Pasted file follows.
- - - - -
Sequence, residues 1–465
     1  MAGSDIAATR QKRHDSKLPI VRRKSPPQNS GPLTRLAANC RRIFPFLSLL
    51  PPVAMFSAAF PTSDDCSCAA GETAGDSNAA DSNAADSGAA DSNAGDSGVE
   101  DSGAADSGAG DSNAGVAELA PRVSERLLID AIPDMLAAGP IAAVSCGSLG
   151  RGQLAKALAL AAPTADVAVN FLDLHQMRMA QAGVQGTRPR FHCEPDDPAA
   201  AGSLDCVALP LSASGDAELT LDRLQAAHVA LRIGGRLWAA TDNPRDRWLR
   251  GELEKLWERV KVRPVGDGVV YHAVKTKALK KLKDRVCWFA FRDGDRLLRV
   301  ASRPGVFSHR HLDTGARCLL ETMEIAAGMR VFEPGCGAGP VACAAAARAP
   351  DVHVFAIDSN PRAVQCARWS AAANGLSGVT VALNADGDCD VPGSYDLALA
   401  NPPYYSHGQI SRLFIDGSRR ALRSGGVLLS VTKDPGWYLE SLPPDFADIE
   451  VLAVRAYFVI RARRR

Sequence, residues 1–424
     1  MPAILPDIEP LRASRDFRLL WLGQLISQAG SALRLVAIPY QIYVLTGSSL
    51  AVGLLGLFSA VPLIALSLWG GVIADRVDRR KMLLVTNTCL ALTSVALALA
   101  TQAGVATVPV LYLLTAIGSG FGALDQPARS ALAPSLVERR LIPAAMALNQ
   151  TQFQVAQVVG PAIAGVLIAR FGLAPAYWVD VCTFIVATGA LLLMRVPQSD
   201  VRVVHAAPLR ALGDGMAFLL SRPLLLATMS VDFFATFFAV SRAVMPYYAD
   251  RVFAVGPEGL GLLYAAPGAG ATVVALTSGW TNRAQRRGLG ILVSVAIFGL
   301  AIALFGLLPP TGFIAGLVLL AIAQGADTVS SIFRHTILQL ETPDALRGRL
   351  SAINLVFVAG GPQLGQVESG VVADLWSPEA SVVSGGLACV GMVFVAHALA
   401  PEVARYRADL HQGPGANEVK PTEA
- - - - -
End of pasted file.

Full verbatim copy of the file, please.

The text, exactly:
Sequence, residues 1–465
     1  MAGSDIAATR QKRHDSKLPI VRRKSPPQNS GPLTRLAANC RRIFPFLSLL
    51  PPVAMFSAAF PTSDDCSCAA GETAGDSNAA DSNAADSGAA DSNAGDSGVE
   101  DSGAADSGAG DSNAGVAELA PRVSERLLID AIPDMLAAGP IAAVSCGSLG
   151  RGQLAKALAL AAPTADVAVN FLDLHQMRMA QAGVQGTRPR FHCEPDDPAA
   201  AGSLDCVALP LSASGDAELT LDRLQAAHVA LRIGGRLWAA TDNPRDRWLR
   251  GELEKLWERV KVRPVGDGVV YHAVKTKALK KLKDRVCWFA FRDGDRLLRV
   301  ASRPGVFSHR HLDTGARCLL ETMEIAAGMR VFEPGCGAGP VACAAAARAP
   351  DVHVFAIDSN PRAVQCARWS AAANGLSGVT VALNADGDCD VPGSYDLALA
   401  NPPYYSHGQI SRLFIDGSRR ALRSGGVLLS VTKDPGWYLE SLPPDFADIE
   451  VLAVRAYFVI RARRR

Sequence, residues 1–424
     1  MPAILPDIEP LRASRDFRLL WLGQLISQAG SALRLVAIPY QIYVLTGSSL
    51  AVGLLGLFSA VPLIALSLWG GVIADRVDRR KMLLVTNTCL ALTSVALALA
   101  TQAGVATVPV LYLLTAIGSG FGALDQPARS ALAPSLVERR LIPAAMALNQ
   151  TQFQVAQVVG PAIAGVLIAR FGLAPAYWVD VCTFIVATGA LLLMRVPQSD
   201  VRVVHAAPLR ALGDGMAFLL SRPLLLATMS VDFFATFFAV SRAVMPYYAD
   251  RVFAVGPEGL GLLYAAPGAG ATVVALTSGW TNRAQRRGLG ILVSVAIFGL
   301  AIALFGLLPP TGFIAGLVLL AIAQGADTVS SIFRHTILQL ETPDALRGRL
   351  SAINLVFVAG GPQLGQVESG VVADLWSPEA SVVSGGLACV GMVFVAHALA
   401  PEVARYRADL HQGPGANEVK PTEA